Our TutorsPlus IB and IGCSE Science expert, Wendy, tells us about her fascinating life in Costa Rica and shares some valuable advice on time management and handling stress
What is a day in the life of a TP tutor?
As well as the online tutoring I offer, I am finishing a thesis project in Biodiversity and Wildlife for my second master’s degree in the cloud forests of Costa Rica. So after I finish tutoring in the morning (remember I’m 7 hours behind Switzerland!) I spend time doing my own research and lots of reading before I start writing up my dissertation. It’s quite like an IB IA, except a LOT longer!
What is the most common challenge you see your students face?
Time management! As students get older, they gain more and more responsibility through school work, extracurriculars, athletics, family, and the ever-important college applications. Things can start to fall through the cracks when young adults don’t learn how to properly manage their time. When you start to become overwhelmed with your to-do list, stress kicks in, and your brain just can’t focus anymore. I always encourage my students to keep a planner to organize their life.
What would we find you doing when not tutoring?
You would probably find me in the forest! I’m doing fieldwork in Costa Rica studying the impacts of domestic animals on native wildlife. I’m viewing wildlife through camera traps so I hike in the forest several times a week to check my cameras then view all the data back at home on my computer. When I’m not doing that, it’s all about doing more research for my dissertation and finally, baking some goodies in the kitchen!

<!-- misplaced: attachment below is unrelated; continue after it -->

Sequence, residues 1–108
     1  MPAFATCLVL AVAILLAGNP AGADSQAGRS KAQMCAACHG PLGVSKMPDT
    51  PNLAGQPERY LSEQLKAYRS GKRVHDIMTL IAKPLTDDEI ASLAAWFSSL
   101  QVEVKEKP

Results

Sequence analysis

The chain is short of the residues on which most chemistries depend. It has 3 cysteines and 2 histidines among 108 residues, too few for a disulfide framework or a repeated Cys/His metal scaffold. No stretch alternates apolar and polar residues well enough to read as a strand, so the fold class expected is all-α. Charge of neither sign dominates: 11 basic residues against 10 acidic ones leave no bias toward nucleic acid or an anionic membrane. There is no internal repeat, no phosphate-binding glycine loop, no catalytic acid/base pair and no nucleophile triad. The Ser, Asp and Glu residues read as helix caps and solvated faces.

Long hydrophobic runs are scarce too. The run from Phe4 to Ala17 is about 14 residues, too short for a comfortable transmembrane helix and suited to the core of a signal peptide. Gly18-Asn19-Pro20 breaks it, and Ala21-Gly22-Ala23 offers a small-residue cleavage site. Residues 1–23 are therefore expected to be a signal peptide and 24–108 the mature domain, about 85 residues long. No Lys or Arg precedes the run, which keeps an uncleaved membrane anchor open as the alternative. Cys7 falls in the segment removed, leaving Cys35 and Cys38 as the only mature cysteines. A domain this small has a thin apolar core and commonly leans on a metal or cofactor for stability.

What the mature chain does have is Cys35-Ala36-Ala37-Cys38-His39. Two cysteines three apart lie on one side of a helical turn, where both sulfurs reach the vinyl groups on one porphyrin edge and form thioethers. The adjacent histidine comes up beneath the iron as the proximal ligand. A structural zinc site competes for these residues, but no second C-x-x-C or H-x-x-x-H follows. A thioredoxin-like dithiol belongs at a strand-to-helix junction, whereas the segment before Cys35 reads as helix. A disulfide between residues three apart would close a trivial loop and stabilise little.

What is your most memorable teaching moment?
I was teaching chemistry to KS3 in Prague at the end of the school year. We had covered everything in the curriculum and exams were over so I thought it would be fun to do some labs that covered some of the material for the next academic year. I had the students do the ‘flame test’: dipping a metal rod into different liquid solutions of metals and then holding it in the flame of a Bunsen burner. Different metals will give off different colours due to the electron configuration. To see the amazement on the students’ faces as they saw a normal, ‘boring’ liquid solution change to bright purple or red or orange or blue was really awesome and still has me smiling, thinking about it today.
Wendy has a Masters degree in Education and is studying for another in Biodiversity, Wildlife and Ecosystem Health from the University of Edinburgh. She has been teaching in International schools for 13 years and specialises in Biology IB SL and HL, Environmental Science, Chemistry IGCSE and all sciences up to High School.
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